My plan to rebuild California requires a vote of the people, and frankly I believe it would be irresponsible for us to exclude the people from this process. They have a right to vote on this plan.

Source: 2011 California State of the State Address Jan 31, 2011

Julia Brownley: Supports charter schools

Q: Do you support national education standards?

A: Yes.

Q: Do you support requiring public schools to administer high school exit exams?

A: No.

Q: Do you support using a merit pay system for teachers?

A: No.

Q: Do you support state funding for charter schools?

A: Yes; I support charter schools with accountability and standards of innovation.

Q: Do you support the state government providing college students with financial aid?

A: Yes.

Source: California Congressional 2010 Political Courage Test Oct 30, 2010

Arnold Schwarzenegger: Until now, children were trapped in low-performing schools

And there are two accomplishments in particular I want to recognize here today. Just last night the Assembly passed major educational reform, reform that once seemed impossible but now will become law as soon as it hits my desk.

For too many years, too many children were trapped in low-performing schools. The exit doors may as well have been chained. Now, for the first time, parents--without the principal's permission--have the right to free their children from these destructive schools. That is great freedom.

Also in the past, parents had no power to bring about change in their children's schools but that will now change too. Parents will now have the means to get rid of incompetent principals and take other necessary steps to improve their children's education.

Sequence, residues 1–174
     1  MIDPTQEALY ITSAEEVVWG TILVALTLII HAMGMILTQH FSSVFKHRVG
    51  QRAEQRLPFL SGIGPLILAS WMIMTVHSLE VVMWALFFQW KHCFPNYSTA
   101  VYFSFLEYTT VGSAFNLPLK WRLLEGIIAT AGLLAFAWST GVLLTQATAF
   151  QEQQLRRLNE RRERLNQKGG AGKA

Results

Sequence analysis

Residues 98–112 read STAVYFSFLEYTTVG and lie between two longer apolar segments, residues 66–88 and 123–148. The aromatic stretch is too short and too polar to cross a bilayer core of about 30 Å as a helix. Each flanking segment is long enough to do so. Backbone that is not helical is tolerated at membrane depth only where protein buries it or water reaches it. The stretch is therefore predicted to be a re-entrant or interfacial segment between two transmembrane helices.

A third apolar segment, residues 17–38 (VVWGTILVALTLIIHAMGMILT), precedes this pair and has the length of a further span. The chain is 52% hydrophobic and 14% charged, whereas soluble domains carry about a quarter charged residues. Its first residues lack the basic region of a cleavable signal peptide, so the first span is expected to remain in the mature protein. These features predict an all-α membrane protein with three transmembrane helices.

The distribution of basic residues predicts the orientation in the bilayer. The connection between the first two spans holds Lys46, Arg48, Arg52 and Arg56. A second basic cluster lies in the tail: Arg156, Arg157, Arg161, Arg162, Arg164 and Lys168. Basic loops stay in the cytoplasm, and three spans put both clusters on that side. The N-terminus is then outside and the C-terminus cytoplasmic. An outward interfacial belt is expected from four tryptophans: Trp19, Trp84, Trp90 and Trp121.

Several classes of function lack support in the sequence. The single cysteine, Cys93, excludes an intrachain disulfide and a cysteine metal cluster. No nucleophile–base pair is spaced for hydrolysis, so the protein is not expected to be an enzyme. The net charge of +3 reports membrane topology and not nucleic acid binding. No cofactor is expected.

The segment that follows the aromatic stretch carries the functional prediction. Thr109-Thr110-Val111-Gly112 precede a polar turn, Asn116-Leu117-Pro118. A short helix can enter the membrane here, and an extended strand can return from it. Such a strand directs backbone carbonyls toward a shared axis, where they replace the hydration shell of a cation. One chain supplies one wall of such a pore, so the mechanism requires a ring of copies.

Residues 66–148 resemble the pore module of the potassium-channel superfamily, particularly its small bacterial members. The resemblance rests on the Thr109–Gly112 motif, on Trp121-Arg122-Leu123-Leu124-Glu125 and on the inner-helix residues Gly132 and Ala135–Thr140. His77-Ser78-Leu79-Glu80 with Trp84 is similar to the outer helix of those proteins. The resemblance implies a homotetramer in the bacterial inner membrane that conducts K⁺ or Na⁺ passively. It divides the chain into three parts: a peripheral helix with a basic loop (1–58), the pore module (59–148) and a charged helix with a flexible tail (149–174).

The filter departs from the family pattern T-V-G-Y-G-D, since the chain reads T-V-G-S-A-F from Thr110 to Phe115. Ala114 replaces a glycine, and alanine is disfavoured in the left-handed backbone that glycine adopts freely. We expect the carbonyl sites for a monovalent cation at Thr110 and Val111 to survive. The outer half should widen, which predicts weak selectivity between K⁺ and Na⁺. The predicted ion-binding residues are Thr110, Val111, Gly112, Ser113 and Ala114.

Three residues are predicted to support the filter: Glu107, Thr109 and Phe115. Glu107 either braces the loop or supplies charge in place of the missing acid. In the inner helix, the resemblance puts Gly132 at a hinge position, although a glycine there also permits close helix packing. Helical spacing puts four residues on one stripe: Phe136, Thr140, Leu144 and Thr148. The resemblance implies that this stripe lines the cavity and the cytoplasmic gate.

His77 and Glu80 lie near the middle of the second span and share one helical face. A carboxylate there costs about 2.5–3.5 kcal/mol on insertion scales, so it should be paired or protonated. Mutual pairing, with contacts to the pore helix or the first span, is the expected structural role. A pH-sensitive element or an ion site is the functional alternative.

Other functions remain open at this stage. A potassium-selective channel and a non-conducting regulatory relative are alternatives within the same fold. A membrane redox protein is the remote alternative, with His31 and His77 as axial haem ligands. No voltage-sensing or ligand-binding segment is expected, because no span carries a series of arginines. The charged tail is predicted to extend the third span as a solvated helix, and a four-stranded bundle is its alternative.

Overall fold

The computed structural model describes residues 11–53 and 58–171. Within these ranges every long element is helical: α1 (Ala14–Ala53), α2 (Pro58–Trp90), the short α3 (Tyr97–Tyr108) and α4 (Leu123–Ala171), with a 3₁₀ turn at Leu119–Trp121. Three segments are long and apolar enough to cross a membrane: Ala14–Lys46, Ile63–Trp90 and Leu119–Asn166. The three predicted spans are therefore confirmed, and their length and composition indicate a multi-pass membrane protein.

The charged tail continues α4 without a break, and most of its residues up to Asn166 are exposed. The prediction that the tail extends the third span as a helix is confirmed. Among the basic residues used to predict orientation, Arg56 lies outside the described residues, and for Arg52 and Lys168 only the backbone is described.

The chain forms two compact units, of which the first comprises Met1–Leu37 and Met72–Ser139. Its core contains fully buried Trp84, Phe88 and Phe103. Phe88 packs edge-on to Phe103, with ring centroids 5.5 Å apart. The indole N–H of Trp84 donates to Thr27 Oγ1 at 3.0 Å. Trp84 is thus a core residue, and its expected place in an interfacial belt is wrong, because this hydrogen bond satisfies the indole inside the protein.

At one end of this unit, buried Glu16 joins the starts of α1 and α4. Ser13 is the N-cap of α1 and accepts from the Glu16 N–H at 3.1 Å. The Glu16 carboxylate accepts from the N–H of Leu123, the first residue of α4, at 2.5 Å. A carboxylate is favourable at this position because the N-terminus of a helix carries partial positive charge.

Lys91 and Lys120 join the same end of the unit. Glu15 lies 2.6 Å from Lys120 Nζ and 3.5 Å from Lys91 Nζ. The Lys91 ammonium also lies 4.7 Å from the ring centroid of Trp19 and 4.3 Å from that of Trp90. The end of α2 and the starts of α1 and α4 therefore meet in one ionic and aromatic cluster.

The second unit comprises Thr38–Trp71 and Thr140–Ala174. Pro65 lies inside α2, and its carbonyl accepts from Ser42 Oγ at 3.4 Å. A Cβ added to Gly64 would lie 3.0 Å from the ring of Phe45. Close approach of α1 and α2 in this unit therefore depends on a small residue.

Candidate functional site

And to increase accountability, we finally broke down that firewall so that teachers' performance can be linked to students' performance.

Source: California 2010 State of the State Address Jan 6, 2010

Dan Quayle: “Students’ rights” wrongly undermines school discipline

School discipline has fallen victim to the agenda of our legal elites. [In the past], schools had rules, and we’d face consequences if we broke them. Today, children can recite page after page of “students’ rights” but are clueless about their responsibilities. There would be a lawsuit before corporal punishment was ever enforced. Litigation - and the fear of litigation - has undermined even the most reasonable attempts to impose basic discipline in the public schools.
Source: Speech to the Commonwealth Club of California May 19, 1999

Dan Quayle: Mentioning God in classrooms should not be illegal

All students need a moral education. But since the outlawing school prayer 40 years ago, we’ve had a stream of litigation over moments of silence, and what constitutes a “voluntary” prayer. Certainly, religious instruction is the job of religious institutions. But now we have the extreme situation where there is a bias against mentioning religion and God. We open the Senate with daily prayers, but to do so in the schools is unthinkable and considered illegal.
Source: Speech to the Commonwealth Club of California May 19, 1999